Implementing this system introduces the following three algorithmic challenges: First, in contrast to direct radio signals that attenuate as d2, backscatter signals attenuate as d4. As a result, we need a way to extract the phase from back-scattered signals, which are below the noise floor at long distances. Second, our IoT devices use small, low-power microcontrollers to shift the chirp spread spectrum signal from the AP. This introduces frequency and sampling offsets in the weak backscattered signals that have to be corrected to accurately estimate phase. Third, querying all the 500 kHz bands sequentially across all the ISM bands requires a total of 572 frequencies, which takes more than four seconds, introducing a significant delay overhead. Concurrently querying all these 572 frequencies requires the AP to proportionally reduce the power at each of the frequencies to be compliant with FCC regulations; this in turn would significantly reduce the range of our system.
In the rest of the paper, we address the above challenges and build multiple prototypes of our design as shown in Figure 2. We build our prototypes using commercial off-the-shelf components such as switches, microcontrollers, and chip antennas. Our first prototype uses the 2.0 × 1.6 mm Kinetis KL03 microcontroller with a 2.4 GHz and 900 MHz dual band chip antenna along with a 5 GHz chip antenna. We miniaturize our second prototype using a laser micromachining method that produces flexible circuits. We use the Kinetis microcontroller with only the 5 GHz chip antenna that limits the range but enables a further miniaturized device. We also present an ASIC design for our multiband backscatter approach to further reduce size and power.
Figure 2. μLocate prototypes. Our miniaturized prototypes require two button cell batteries (left), which are as small as 5.8 mm in diameter. Our multiband prototype based on the KL03 microcontroller is 11.8 × 7.5 × 2.1 mm and includes chip antennas for 900 MHz, 2.4 GHz, and 5 GHz. Our 5-GHz prototype (right) measuring 7.2 × 5.1 × 0.5 mm is designed to operate at shorter ranges and in an even smaller form factor. The prototypes are placed on a U.S. penny for scale.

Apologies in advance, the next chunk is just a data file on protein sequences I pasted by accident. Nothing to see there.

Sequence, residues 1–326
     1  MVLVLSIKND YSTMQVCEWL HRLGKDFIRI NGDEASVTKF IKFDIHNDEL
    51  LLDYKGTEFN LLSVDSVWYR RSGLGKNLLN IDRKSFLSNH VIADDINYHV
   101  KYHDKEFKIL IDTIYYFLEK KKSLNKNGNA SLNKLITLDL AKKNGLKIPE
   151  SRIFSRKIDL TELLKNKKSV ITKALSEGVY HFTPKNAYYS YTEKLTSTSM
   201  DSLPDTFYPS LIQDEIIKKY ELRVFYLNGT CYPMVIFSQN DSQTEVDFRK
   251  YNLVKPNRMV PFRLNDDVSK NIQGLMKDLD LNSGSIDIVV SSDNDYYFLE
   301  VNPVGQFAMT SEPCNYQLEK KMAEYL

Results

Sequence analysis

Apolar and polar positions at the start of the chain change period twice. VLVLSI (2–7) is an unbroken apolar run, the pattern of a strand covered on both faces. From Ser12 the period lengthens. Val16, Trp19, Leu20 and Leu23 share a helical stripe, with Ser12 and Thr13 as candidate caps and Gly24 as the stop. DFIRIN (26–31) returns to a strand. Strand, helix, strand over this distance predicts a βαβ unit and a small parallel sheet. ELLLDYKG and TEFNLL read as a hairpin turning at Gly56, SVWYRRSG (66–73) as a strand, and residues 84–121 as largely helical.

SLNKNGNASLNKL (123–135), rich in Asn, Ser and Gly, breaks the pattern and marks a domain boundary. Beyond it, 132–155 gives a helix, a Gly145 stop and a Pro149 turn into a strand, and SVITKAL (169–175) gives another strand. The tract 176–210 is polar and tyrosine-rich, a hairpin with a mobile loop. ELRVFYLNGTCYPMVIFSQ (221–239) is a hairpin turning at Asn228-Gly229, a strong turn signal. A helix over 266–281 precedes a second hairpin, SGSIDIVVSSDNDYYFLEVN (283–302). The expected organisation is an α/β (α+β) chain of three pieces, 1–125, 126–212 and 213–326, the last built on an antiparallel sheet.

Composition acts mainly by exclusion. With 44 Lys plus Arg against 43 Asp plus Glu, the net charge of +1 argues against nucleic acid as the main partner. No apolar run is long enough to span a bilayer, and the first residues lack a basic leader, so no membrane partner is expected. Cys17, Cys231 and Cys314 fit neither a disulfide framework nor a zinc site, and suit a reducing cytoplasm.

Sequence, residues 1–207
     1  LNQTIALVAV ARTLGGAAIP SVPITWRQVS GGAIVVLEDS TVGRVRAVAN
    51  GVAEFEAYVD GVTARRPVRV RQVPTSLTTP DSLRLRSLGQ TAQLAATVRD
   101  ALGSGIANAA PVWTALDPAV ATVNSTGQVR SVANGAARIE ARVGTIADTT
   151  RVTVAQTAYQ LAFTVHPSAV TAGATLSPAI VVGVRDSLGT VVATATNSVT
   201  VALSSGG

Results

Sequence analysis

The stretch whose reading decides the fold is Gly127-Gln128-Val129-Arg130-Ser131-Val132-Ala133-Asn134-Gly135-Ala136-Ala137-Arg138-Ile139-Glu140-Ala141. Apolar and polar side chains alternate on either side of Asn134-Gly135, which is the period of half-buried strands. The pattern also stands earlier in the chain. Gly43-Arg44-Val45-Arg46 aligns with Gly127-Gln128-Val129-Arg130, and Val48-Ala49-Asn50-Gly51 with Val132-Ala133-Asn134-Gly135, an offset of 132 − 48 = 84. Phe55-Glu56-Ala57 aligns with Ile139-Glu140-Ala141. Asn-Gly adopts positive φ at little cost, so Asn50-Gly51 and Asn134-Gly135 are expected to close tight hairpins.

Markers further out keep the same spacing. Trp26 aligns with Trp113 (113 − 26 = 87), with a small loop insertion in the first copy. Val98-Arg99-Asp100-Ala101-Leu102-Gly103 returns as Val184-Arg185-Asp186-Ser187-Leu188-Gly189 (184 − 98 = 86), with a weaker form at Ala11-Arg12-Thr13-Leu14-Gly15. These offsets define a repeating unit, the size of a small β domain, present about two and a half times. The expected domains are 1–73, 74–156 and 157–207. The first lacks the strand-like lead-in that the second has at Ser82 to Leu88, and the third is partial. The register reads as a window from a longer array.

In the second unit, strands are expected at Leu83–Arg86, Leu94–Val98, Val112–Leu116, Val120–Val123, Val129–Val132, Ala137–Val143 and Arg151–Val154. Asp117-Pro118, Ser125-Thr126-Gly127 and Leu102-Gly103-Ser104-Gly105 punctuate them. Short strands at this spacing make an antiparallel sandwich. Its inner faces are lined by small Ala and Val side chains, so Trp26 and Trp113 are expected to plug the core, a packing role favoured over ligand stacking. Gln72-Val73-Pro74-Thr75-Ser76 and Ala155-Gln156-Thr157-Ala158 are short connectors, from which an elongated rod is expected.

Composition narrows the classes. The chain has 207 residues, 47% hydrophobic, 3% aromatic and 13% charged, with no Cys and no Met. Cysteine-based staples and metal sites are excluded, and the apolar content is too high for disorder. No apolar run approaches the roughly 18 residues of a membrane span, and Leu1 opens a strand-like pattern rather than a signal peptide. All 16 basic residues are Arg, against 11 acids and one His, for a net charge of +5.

Our evaluation shows our off-the-shelf hardware and ASIC consume 93 μW and 5 μW, respectively. This translates to an expected operational lifetime of 5–10 years of duty cycled operation on small, 5.8 mm diameter button cell batteries for our off-the-shelf microcontroller hardware and ASIC prototypes. Further, we demonstrate 3D localization accuracy, which scales with the distance. Our system gives localization errors of 2, 12, 50, and 145 cm at 1, 5, 30, and 60 m, respectively, between the AP and our backscatter devices. Finally, across distances up to 60 m from an AP, our algorithm can compute the location values using between 9 and 28 frequencies, which translates to a latency of 25–70 ms.
In addition to the above benchmarks that characterize our system's performance, we also deploy the system in the following two real-world scenarios:
Our design has three key components: (1) our low-power architecture that delegates the coding operation to the access point, allowing us to decode backscatter signals at large distances using subcentimeter-sized devices, (2) our phase-extraction algorithm that can extract the phase from signals below the noise floor, and (3) our online search algorithm that dynamically queries a different set of frequencies given the signal quality to reduce latency. In the rest of this section, we describe each of these components.
2.1. Low-power delegating architecture